The human dynamics behind masker thinking may not be as complex as you might be thinking. With some exceptions, most maskers normally are attracted to the “soft sciences” and are not predisposed to considering, in detail, critical observations leading up to a conclusion. Unlike the engineer or the technician, these are people that are content with scanning the bullet points leading up to a summary or a brief executive overview. Consequently, as a matter of preference, they never see the details found within the processes of discovery and discourse.
Maskers have difficulty in distinguishing the difference between “believing” and “knowing”. What maskers “know” is normally confined to authority figures that fall within boundaries of commonly-accepted limits. In other words: what is true is defined by majority consensus (real or imagined).
Maskers often hold to simply believing as being itself the highest expression of what is moral and right. When faced with something personally uncomfortable or challenging, maskers find comfort in platitudes, devotionals and music that place hope and faith above all. In dispensational Christianity, this thinking is ultimately expressed in the “Jesus is Coming Soon” eschatology; if the answer is hands-off and unarguable, the amount of personal responsibility in the here-and-now is minimized.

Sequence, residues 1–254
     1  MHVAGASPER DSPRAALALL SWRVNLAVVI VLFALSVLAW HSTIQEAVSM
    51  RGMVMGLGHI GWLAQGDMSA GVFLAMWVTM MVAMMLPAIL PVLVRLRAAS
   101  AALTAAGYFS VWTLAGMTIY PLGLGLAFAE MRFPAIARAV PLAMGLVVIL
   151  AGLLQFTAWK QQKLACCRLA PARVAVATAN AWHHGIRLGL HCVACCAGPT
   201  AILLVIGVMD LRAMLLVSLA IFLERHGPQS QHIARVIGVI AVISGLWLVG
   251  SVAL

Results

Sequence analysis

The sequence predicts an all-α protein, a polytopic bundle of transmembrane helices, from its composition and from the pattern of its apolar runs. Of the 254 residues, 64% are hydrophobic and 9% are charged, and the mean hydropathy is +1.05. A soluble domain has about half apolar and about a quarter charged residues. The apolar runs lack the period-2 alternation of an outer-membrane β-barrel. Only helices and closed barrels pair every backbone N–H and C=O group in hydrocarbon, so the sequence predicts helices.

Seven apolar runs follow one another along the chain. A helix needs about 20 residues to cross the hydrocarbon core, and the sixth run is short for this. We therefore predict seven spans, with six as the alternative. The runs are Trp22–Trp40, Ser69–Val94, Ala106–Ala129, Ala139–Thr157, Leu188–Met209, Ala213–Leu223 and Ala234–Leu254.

What is believed is often more easily absorbed than what is known. Simple beliefs – even the word “BELIEVE!” - will fit on a bumper sticker. Though this of course amounts to intellectual laziness, it’s important to understand that these are people that can be faced with personal challenges which facilitate and reinforce intellectual laziness.